“I don’t care what it was — 1 percent, 50 percent less likely to get severe symptoms — if there might be some health benefits or a fight against COVID then I would continue to do it,” Fountain said.
“This is one of the number one questions we’re getting,” said Andrea Ippolito, the founder of Simplifed, a breastfeeding support company and network of lactation consultants who help new parents via telehealth. “Moms one or two years into their journey wonder if they should keep it up.”
A breastfeeding mom herself, Ippolito, 37, said she is mostly pumping because she has suffered from mastitis, a painful infection usually caused by a blocked milk duct. She wants to make sure her 2-month-old continues to get protection, but might have stopped in different circumstances.
Lactation consultants recommend “if you can and if you’re able to … continue to breastfeed the research suggests it is potentially protective against COVID-19,” she said.
Still, she said it’s a conundrum for moms because babies “need to be continually receiving that milk that has the antibodies. It would need to be constant,” said Ippolito, also a faculty member in the engineering department at Cornell University.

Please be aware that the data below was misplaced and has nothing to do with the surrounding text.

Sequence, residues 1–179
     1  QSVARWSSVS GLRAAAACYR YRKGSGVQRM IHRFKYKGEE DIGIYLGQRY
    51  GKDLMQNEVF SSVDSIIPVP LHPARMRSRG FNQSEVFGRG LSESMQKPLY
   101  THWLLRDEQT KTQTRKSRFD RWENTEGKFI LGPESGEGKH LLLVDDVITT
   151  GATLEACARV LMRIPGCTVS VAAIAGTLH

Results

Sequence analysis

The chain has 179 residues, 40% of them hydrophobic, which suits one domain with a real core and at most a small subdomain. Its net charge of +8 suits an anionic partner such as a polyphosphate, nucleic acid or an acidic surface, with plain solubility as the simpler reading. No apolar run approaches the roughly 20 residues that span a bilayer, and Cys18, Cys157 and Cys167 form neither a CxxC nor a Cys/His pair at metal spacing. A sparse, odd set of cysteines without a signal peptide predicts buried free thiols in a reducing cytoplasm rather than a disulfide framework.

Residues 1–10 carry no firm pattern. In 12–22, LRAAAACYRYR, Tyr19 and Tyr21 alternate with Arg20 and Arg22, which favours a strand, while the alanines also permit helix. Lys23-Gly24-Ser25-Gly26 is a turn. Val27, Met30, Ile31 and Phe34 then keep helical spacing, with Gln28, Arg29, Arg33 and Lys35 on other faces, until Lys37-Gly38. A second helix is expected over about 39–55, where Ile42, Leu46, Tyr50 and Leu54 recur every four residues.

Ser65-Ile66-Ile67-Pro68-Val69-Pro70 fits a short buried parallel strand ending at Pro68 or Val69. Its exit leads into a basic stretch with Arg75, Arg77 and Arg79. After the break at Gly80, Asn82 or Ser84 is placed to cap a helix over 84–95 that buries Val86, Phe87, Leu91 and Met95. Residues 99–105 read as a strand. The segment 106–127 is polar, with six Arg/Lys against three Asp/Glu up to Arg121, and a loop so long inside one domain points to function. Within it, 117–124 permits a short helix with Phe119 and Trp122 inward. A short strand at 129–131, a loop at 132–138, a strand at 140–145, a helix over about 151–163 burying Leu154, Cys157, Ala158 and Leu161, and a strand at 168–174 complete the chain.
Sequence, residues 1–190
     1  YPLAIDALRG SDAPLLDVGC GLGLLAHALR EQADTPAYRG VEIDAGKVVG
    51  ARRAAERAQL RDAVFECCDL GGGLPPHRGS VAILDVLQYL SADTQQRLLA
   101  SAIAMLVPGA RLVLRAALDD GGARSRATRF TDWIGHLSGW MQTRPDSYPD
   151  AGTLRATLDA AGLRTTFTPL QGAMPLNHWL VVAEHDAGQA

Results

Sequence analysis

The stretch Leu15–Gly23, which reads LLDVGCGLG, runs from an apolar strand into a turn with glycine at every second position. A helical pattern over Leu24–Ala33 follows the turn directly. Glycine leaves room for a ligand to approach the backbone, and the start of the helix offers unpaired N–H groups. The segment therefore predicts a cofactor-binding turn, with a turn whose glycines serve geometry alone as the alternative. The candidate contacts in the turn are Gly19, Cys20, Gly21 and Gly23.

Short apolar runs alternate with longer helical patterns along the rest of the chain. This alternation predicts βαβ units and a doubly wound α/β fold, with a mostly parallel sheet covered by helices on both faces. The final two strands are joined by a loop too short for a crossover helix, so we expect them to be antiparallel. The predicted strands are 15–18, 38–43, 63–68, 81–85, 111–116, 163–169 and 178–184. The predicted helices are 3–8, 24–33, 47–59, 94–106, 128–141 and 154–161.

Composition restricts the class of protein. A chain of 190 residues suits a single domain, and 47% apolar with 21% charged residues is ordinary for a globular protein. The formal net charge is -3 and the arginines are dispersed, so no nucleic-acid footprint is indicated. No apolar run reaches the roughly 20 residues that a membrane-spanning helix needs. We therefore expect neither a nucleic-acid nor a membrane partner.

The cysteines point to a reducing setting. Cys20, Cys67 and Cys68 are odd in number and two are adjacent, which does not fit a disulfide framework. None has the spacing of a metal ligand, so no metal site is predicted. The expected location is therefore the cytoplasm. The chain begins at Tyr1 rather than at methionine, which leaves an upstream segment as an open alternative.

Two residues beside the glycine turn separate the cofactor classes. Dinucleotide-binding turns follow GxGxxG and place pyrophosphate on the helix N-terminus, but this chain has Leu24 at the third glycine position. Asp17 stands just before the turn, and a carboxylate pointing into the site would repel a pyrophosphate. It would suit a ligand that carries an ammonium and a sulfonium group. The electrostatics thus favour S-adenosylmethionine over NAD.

I ask her my million-dollar question: How much is enough?
“What the research shows is that we don’t know the answer to that question,” she said. “A mostly breastfed baby is still getting antibodies, we don’t know what levels.”
As I interviewed these experts, I kept waiting for someone to tell me what to do. My best friend, a family medicine doctor at Kaiser, didn’t hesitate: “It’s time to stop.” My mom, who notices Matilda’s little tooth breaking through on the bottom gum, says the same. “Get ready to wean,” she tells me.
With my son, I had no choice but to stop breastfeeding. I went back to work at the Los Angeles Times in the first year of the Trump administration. I barely saw Maxwell, missing all the milestones and frantically pumping between meetings in my office with a sign on the door telling people I wasn’t available. It didn’t take long for my frozen supply to run out and my body to call it quits.
As I prepare for this big decision, I realize it’s not so different from my family’s choice to stay home, wear masks and lay low for the past 16 months. If there’s even a slim chance I can protect our little girl from illness, shouldn’t I do it?
My reasons I would stop feel so selfish. Sometimes it keeps me up at night. If I wean her, my body can feel like mine again. I might even be able to lose the rest of the baby weight. Pumping is the worst. I’ll get more sleep, since either parent can get up at 5:45 a.m. on a Saturday with a bottle.
Powell, of Mt. Sinai, helped me feel a little better about it.
“There are many other ways you can protect your child from COVID before they can get vaccinated themselves,” she said. “Don’t drive yourself crazy for this relatively small effect.”